Scientists believe that the brain has the capacity to grow new neural connections everyday. This simply means the brain’s memory capacity is not fixed and as such, we can learn new things with each passing day. But of course with age, our memories decline and lose their retention abilities (albeit, slowly).
The good news is that while we cannot stop the aging process, we can improve our brain’s memory strength even as we grow older. Let us share some statistically and scientifically proven ways in which we can help our brains learn faster, improve retention and memory.
- Learn something new everyday
Learning new things don’t just make you knowledgeable, they make you smarter!
Our memories function like muscles. When you exercise often, you’ll notice improvements in your physical fitness. Same goes for mental strength. Learning something new everyday is like exercising your mind. With increased learning comes increased retention ability. And yes! With increased knowledge, your mental processes increase, thus improving your creative abilities and spontaneity.
So for instance, if you have been a bad artiste (singer) and you decide to learn something new everyday from now till this same day of next year, there’s a high chance that you’ll end up being a better singer next year (even though you’ve been learning nothing about music the whole time).
PS- this is not scientifically proven.????
- Physical exercise
Did you know scientists have studied rat and human brains and have concluded that regular physical exercise can improve memory recall.
“Why ‘rats’ and humans though?? Why not ‘rats’ and dolphins?! Oh that’s probably ratcist!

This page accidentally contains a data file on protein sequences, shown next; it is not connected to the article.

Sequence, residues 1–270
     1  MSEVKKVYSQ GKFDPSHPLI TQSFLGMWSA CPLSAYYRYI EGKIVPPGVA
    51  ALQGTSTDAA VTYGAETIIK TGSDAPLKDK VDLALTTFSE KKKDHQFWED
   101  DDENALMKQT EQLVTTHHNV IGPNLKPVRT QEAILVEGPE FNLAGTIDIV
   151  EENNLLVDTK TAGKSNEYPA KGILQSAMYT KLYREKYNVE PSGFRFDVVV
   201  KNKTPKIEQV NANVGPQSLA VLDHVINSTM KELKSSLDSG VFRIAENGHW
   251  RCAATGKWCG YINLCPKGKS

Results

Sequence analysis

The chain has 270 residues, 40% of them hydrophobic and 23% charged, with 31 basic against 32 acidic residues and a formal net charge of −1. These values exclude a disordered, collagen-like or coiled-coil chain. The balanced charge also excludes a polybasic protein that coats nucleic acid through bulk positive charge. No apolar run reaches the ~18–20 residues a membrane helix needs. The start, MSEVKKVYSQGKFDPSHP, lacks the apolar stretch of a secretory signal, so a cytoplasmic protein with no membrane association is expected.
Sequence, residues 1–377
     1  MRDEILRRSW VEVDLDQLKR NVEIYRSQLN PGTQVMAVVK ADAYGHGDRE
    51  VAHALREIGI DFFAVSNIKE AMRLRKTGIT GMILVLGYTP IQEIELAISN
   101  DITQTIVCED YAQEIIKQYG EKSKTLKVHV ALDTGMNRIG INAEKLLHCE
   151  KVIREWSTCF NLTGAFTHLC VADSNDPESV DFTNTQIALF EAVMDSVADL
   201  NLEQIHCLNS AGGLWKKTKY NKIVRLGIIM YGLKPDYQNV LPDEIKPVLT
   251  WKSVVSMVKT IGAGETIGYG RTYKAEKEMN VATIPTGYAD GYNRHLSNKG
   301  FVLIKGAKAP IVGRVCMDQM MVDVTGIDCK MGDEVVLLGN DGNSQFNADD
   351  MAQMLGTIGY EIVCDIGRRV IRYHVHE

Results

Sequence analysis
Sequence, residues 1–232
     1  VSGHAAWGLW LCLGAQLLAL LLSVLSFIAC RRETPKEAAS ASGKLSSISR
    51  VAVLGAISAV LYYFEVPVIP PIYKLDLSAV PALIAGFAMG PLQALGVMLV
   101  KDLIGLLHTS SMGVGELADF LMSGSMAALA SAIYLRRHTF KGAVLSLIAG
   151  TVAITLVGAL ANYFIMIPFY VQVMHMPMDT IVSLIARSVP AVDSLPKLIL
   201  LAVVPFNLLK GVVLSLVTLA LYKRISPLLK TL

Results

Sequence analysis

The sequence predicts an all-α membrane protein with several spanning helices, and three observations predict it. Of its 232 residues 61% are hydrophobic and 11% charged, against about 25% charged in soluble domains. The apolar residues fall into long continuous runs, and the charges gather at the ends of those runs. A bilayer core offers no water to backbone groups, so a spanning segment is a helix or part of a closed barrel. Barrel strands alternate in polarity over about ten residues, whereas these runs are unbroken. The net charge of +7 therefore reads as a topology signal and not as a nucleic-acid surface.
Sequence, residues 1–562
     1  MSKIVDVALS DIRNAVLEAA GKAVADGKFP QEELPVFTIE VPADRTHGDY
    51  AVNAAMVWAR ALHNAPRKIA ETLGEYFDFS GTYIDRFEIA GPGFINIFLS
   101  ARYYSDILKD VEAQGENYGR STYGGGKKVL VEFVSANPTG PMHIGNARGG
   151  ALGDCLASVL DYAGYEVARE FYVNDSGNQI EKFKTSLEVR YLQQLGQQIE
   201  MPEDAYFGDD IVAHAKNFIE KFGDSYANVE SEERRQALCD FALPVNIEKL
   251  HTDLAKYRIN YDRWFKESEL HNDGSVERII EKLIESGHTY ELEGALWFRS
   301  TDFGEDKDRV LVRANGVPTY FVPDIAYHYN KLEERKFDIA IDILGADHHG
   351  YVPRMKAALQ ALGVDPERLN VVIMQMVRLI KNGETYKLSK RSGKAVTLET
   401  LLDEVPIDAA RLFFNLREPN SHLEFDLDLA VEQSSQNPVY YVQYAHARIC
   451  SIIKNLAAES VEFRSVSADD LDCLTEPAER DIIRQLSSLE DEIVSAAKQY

Now besides retention, regular exercise has also been proven to improve cognitive abilities in humans. Before you get ahead of yourself, physical exercise here doesn’t necessarily equate to sweating your ass out at the gym or straining your muscles trying really hard dead lifts. Just taking an evening stroll would get the job done!
- Sleep more!
Yes! It does sound ridiculous that something as empty as “sleeping” can do you a lot of good but my fiend! Sleeping does do you a lot of good!
Scientists who study the brain believe that sleeping is when the most part of our brain retention process occurs. They believe that when memory is first recorded in the brain, it is still fragile and easily forgotten, especially if the brain is asked to memorize more things. Napping seems to push memories to the brain’s more permanent storage, which prevents them from being overwritten.
While you’re working yourself hard to learn that new skill or course, always remember that a “nap” will you do much good, especially when you feel overstretched. So sleeping does do you good, “napping” specifically!! So you don’t try to sleep your way to success.????